Customer Service Lessons from GoatsSeptember 21, 2011 4 Comments
Customer Service! Everyone has a customer service story. So do I. However, I hope to give you an angle that you may not have encountered.
Understanding the Problem
My brother, Warren, and I were managing a western amusement park in California. We received a call that there was a guest complaint at our petting zoo. When we arrived, there was a woman by the entrance with her husband. We approached and asked how we could help. She turned to the side, pointed down her leg, and said, “Your goat ate my dress!” Warren and I looked down and saw that she had a gapping hole in her flowered dress from her knees to her upper thigh.
Remember Your Research
To handle this goat versus dress problem, we recalled our education about goat behaviors. Goats have no upper front teeth; instead, they have a tough toothless dental pad. Goats do have teeth on the top and bottom of their jaws far back in their mouth, which help them to chew. So, goats cannot sharply bite down in a quick, tearing motion. While goats will not actually eat inedible material, they are inquisitive and will chew on and taste just about anything in order to decide whether it is good to eat. This is why they investigate items such as buttons, camera cases, or clothing by nibbling at them, occasionally eating them. Tests done on goats show that they can distinguish yellow, orange, blue, violet and green from grey shades of similar brightness. Who knows, maybe the movement of the dress and bright colors looked like some edible plant. Regardless, it took awhile for this goat to gnaw a large hole in this dress.
Using Your Research
Warren asked the woman to explain what happened. The woman said that she and her husband had entered the petting zoo and immediately a goat ran up to her, ate a hole in her dress, and then ran away. Warren took some time with the woman and explained how goats operate. He told her that she had to have known that the goat was there and the goat was tugging and gnawing at her dress. She said no, the goat ran up, ate her dress, and ran away. The husband said nothing. The woman did all the talking.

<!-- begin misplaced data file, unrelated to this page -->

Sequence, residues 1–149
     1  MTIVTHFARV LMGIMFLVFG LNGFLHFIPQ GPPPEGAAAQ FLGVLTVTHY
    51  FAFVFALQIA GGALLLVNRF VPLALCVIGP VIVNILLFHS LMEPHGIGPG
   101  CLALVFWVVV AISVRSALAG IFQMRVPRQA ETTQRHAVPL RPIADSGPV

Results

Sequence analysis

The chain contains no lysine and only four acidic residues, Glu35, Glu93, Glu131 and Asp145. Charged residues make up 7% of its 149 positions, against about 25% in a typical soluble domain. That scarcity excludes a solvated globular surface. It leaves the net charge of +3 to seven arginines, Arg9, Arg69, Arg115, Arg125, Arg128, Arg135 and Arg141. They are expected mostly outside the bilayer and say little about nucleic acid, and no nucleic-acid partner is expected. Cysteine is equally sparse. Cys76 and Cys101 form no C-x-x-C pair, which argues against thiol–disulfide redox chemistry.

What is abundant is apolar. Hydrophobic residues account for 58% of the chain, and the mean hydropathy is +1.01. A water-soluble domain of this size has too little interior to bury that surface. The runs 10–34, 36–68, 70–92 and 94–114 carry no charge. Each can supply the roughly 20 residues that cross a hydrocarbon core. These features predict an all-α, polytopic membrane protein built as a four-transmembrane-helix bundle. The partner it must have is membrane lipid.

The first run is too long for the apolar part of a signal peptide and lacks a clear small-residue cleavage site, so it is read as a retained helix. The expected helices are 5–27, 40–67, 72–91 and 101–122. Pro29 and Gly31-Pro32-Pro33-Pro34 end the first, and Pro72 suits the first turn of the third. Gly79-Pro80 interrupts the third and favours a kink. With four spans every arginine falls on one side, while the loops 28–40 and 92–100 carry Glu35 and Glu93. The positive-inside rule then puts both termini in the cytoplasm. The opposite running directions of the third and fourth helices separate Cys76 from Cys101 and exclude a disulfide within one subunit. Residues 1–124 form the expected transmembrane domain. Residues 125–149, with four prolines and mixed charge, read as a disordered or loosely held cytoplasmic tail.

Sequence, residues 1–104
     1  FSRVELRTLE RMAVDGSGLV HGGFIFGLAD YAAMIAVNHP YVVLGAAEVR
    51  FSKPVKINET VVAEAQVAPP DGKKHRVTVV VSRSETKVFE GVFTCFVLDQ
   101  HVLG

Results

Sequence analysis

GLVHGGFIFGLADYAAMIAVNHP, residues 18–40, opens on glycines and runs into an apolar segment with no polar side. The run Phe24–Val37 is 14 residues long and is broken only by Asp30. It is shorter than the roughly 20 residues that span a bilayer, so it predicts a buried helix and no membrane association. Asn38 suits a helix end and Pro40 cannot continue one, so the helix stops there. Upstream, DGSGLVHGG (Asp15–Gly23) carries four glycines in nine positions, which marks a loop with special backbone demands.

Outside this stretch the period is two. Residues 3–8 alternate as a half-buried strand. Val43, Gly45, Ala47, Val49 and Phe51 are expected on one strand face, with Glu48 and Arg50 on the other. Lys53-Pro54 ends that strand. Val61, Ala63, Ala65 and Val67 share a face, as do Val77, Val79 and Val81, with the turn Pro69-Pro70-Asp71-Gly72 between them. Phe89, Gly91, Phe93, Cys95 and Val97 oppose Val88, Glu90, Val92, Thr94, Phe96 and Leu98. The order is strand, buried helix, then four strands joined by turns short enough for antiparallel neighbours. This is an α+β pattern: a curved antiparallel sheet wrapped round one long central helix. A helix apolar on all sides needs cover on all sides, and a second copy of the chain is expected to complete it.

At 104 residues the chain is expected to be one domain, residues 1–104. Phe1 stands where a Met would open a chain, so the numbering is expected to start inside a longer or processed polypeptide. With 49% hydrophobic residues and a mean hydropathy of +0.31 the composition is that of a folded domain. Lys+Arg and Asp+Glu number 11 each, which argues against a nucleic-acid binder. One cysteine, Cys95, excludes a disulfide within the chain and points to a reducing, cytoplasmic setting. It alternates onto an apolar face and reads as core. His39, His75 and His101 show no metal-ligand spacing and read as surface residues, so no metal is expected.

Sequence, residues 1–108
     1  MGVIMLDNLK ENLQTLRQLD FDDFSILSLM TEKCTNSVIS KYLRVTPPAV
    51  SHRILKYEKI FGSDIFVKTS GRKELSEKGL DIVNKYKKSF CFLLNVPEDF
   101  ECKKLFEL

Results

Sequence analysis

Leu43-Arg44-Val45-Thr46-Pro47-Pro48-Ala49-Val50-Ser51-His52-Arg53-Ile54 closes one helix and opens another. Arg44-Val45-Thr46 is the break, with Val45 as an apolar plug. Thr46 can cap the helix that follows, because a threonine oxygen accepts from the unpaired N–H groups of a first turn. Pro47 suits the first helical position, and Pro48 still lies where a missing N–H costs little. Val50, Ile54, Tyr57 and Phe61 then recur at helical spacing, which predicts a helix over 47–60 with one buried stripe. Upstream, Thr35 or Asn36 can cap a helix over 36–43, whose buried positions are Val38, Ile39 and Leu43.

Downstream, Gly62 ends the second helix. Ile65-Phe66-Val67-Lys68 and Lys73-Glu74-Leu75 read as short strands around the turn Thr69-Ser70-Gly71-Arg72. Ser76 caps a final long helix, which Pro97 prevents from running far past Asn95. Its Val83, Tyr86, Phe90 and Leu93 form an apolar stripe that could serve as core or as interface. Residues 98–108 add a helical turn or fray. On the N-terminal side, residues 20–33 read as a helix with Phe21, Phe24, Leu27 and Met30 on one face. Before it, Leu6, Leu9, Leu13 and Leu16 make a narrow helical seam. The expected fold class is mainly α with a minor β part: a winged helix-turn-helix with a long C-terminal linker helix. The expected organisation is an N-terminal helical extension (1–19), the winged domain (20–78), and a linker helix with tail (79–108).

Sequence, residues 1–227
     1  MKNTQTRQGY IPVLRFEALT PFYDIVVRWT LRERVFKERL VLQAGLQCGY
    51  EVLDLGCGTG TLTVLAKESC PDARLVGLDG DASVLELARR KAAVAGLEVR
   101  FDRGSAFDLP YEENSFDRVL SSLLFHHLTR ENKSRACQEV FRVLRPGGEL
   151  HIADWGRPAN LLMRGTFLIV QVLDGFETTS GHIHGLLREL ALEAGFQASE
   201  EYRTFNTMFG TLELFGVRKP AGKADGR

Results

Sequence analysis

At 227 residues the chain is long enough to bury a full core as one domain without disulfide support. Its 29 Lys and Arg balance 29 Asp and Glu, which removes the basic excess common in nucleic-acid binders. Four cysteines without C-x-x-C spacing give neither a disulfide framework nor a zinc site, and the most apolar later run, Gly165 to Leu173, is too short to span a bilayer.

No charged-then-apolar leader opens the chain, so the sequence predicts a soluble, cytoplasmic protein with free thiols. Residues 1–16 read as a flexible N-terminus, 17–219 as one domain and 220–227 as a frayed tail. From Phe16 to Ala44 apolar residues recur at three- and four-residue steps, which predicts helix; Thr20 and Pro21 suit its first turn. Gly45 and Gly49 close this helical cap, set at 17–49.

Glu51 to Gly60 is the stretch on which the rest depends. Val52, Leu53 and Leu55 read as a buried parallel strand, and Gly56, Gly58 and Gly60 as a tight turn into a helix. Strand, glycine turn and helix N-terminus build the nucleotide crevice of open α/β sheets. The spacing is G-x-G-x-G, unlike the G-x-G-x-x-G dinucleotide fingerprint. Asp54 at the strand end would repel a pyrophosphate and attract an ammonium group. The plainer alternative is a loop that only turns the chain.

Warren tried to reason with the lady, stating that she had some responsibility for standing there while the goat gnawed away at her clothing, but she stuck to her “the goat ate it instantly” story.
The Basic Philosophy
Warren and I knew that in the customer service industry, unless you are 100 percent sure you are 100 percent right, you need to make some accommodation when a problem arises. There was no witness to the event, and Warren was not 100 percent sure of the facts of the incident. We knew that this guest would not assume any responsibility for what happened, so Warren would need to provide closure to this incident. Warren gave the guest his business card and told her to send us the receipt for a replacement dress and we would pay it. Interestingly, we never heard from her again.
The Deeper Philosophy
OK, using the philosophy of being 100 percent sure that you are 100 percent right before you reject any guest accommodation is an interesting angle. The lesson that managers will learn is that even after offering an adjustment, many customers get busy in their daily lives and fail to follow up with their claim. Often, family or friends will calm down the aggrieved person, they come to their senses, and let the issue drop. When you ask the aggrieved party to take a follow-up action to allow them to receive satisfaction, they often drop the ball or forget about it. The percentage of customers who actually follow up is low.
Side Two of the Story
To be fair, we need to consider the goat’s viewpoint. Maybe the goat was thinking, “There were flowers on the dress. I saw blossoms so I ate them. Besides, it was an ugly dress. I did the world a favor by destroying it!”
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